research and patient care at The Neuro

Dendritic democracy trumps noise: 'voting' in the active dendrites of retinal direction selective ganglion cells


McIntyre Medical Building Room 1034, 3655 promenade Sir William Osler, Montreal, QC, H3G 1Y6, CA


Dr. Gautam Awatramani

Canada Research Chair in Synaptic Physiology
Associate Professor
University of Victoria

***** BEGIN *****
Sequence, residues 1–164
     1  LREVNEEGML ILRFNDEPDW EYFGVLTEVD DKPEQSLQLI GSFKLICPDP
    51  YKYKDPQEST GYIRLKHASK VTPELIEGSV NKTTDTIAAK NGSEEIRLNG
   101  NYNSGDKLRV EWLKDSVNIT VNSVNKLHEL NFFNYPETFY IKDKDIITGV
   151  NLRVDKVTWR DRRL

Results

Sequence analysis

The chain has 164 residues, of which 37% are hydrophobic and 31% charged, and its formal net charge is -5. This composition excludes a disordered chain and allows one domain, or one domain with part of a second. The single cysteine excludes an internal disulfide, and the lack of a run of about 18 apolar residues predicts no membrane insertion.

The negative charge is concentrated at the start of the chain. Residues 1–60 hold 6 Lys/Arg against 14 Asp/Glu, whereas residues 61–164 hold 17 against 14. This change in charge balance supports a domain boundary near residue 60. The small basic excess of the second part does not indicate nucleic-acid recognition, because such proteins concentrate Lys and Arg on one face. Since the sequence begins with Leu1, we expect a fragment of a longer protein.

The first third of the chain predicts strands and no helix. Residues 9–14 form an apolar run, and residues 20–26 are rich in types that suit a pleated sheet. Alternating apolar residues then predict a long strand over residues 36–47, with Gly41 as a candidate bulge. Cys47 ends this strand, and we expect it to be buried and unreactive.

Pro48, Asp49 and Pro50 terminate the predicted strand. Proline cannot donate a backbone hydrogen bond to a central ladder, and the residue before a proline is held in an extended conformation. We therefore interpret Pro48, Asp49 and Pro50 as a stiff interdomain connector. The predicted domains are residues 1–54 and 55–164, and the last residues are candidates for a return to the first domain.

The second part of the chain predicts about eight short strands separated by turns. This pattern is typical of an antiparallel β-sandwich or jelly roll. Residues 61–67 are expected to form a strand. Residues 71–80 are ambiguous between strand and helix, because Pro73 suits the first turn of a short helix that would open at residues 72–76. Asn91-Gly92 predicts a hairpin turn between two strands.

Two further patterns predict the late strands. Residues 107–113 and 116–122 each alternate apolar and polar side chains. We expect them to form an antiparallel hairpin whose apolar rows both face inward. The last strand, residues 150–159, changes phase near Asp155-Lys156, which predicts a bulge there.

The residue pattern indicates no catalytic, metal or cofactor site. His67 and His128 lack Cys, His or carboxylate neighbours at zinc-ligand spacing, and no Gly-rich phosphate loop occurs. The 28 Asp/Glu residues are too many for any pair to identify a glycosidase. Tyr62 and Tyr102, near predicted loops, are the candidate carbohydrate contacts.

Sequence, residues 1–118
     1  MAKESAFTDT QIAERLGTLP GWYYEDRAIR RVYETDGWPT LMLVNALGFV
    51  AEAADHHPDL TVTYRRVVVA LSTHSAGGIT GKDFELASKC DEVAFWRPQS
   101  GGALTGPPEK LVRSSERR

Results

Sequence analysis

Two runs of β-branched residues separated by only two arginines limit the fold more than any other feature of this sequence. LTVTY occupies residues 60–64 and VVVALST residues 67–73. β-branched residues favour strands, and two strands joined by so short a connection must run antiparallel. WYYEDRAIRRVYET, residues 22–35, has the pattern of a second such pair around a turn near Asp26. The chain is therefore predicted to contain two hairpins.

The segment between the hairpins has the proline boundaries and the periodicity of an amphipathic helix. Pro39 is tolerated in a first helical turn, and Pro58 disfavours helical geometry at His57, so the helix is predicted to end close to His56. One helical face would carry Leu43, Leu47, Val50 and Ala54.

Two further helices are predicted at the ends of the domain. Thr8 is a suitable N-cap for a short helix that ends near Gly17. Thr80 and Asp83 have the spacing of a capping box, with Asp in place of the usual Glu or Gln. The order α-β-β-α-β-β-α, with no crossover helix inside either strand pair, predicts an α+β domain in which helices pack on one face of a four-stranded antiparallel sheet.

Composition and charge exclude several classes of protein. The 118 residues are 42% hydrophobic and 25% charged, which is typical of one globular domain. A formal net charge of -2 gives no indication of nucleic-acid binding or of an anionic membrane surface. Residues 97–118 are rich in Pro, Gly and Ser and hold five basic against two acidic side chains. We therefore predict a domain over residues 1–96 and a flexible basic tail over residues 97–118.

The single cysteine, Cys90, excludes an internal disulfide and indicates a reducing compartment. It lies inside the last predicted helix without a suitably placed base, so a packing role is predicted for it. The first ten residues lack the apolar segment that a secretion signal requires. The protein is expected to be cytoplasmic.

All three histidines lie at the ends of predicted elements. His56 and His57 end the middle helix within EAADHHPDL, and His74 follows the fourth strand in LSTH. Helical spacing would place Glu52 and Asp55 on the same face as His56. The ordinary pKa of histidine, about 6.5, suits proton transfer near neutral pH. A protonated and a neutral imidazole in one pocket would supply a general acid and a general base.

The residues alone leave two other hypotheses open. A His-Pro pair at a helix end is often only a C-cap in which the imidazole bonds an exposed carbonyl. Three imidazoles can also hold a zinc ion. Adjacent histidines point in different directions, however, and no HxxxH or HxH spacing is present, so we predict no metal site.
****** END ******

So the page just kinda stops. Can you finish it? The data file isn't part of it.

Understanding how neural circuits in the brain compute information not only requires determining how individual inhibitory and excitatory elements of circuits are wired together, but also a detailed knowledge of their functional interactions. Recent advances in optogenetic techniques and mouse genetics now offer ways to specifically probe the functional properties of neural circuits with unprecedented specificity. Perhaps one of the most heavily interrogated circuits in the mouse brain is one in the retina that is involved in coding direction (reviewed by Mauss et al., 2017; Vaney et al., 2012). In this circuit, direction is encoded by specialized direction-selective (DS) ganglion cells (DSGCs), which respond robustly to objects moving in a ‘preferred’ direction but not in the opposite or ‘null’ direction (Barlow and Levick, 1965), which we now know relies on the coordination of three transmitter systems: glutamate, GABA and acetylcholine (ACh). In this talk, I will present an in-depth functional characterization of the direction-selective circuit in the mouse retina. I will present new results demonstrating that these transmitter systems are coordinated on a ‘fine’ subcellular scale, promoting a dendritic 'democracy'. I will argue that such an arrangement enables computations to be made rapidly and with high fidelity even in the presence of confounding noise.

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